The Corner

The Geneva Convention

I’ve gotten sooo many emails like this in response to my syndicated column. There are good points (though many emails contradict each other) and they’re mostly given as constructive criticism in good faith. But what I particularly enjoy is the criticism that my column was too simplistic — it probably was — and that I should have included 75 trillion ifs, ands, buts and the like — all with corresponding sub clauses and whatnots. For example:


While your ultimate conclusion on the applicability of the Geneva Convestion(s) to Al Quaeda is correct, the reasoning you set out is a little simplistic, and glosses over a couple of salient points. Since your readers are a sophisticated lot, it might be worth addiind a little more detail. As you pointed out in your syndicated column, Al Quaeda is not a nation state, and is not a party to the Geneva Convention, or any other treaty. However, under the terms of the Third Geneva Convention, that is not necessarily a bar to granting combatants “status” under the convention. Article 4, Section A2 provides that:

Members of other militias and members of other volunteer corps, including those of organized resistance movements, belonging to a Party to the conflict and operating in or outside their own territory, even if this territory is occupied, provided that such militias or volunteer corps, including such organized resistance movements, fulfil the following conditions:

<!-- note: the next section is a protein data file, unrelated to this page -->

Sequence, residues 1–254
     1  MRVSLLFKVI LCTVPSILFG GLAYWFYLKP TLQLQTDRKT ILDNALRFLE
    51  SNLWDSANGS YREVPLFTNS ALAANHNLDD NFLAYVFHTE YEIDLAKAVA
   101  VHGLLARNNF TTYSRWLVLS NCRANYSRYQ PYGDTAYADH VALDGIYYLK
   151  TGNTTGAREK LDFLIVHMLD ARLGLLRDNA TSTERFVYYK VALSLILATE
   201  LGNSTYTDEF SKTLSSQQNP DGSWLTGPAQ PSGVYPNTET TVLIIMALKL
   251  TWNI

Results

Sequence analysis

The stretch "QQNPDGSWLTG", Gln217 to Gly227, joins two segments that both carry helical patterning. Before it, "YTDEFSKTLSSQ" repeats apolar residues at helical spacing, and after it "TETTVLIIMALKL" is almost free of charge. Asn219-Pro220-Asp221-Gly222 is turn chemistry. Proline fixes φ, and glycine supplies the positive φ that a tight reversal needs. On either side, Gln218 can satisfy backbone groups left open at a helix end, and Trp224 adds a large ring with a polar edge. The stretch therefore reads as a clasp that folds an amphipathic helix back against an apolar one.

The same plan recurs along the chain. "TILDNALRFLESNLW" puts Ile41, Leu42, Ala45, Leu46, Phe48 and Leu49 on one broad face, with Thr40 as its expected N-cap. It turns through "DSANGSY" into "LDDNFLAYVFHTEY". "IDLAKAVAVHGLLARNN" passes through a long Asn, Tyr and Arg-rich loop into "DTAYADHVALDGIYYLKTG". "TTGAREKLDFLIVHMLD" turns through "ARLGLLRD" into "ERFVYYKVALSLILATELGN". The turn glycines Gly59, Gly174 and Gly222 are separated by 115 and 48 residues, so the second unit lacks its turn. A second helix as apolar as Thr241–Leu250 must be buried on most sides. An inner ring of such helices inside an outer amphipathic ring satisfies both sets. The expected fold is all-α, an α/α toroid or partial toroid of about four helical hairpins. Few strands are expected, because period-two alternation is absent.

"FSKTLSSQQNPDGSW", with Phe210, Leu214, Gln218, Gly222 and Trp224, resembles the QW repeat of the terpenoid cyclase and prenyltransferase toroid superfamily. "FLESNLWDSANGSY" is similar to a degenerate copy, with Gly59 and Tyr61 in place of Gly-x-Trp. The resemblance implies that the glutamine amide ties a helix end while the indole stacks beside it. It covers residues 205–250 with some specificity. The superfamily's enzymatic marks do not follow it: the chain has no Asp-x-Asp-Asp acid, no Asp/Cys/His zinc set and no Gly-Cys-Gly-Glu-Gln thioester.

(a) That of being commanded by a person responsible for his subordinates;

(b) That of having a fixed distinctive sign recognizable at a distance;

(c) That of carrying arms openly;

(d) That of conducting their operations in accordance with the laws and customs of war.

Now, one could argue that Al Quaeda, through its affiliation with Taliban is in fact a legitimate resistance movement (not in terms of its goals, but rather its status under the Conventions) in Afghanistan. As such. if they fulfill the above-stated requirements, then Al Quaeda prisonsers captured in the course of combat in Iraq would be entitled to POW status. The same argument could be made for the Baathist dead enders in Iraq. This provisiosn is designed to protect members of resistance movements, provided that they follow the laws of war. As good conservatives, we should remember that in some cases these potential resistors are our friends.

So, our examination turns to subclauses (a) through (d),above: (a) is kind of murky, and hard to judge; (b) might be fulfilled by various pyjama-like garments; and (c) is probably fulfilled in Afghanistam (of course, everyone carries arms in that country, so no big deal). Subclause (d) is far and away the most important, and it’s here that Al Queada and its ilk lose any claim to POW status. Al Quaeda violates almost all the laws and customs of war, almost as a matter of policy – from cutting the throats of non-combatant hostages (far more serious under international law than the still serious abuse of combatants) to stashing weapons in protected places (mosques and hospitals) Al Queada fails this test rather soundly. Sublcause (d) is the most important because it enshrines the notion of reciprocity – the idea that we’ll do unto you as you do unto us (so let’s both act humanely) and this is the main reason why Al Quaeda (and Taliban, Baathists, Hezbollah, Hamas, Fatah etc.) members are not entitled to POW status. The treaty is a two way street, and if they are allowed to benefit, the reciprocal nature of the Conventions will be trashed – and this reciprocity is the primary means of enforcement. Without it, the Conventions will become totally useless, instead of merely inapplicable as they are now.

Anyway, that’s the long answer – as I said at the outset, your conclusion is correct, but its worth doing a full analysis so that some lefty whiner can’t point to Article 4 in triumph to “prove” that you’re wrong.


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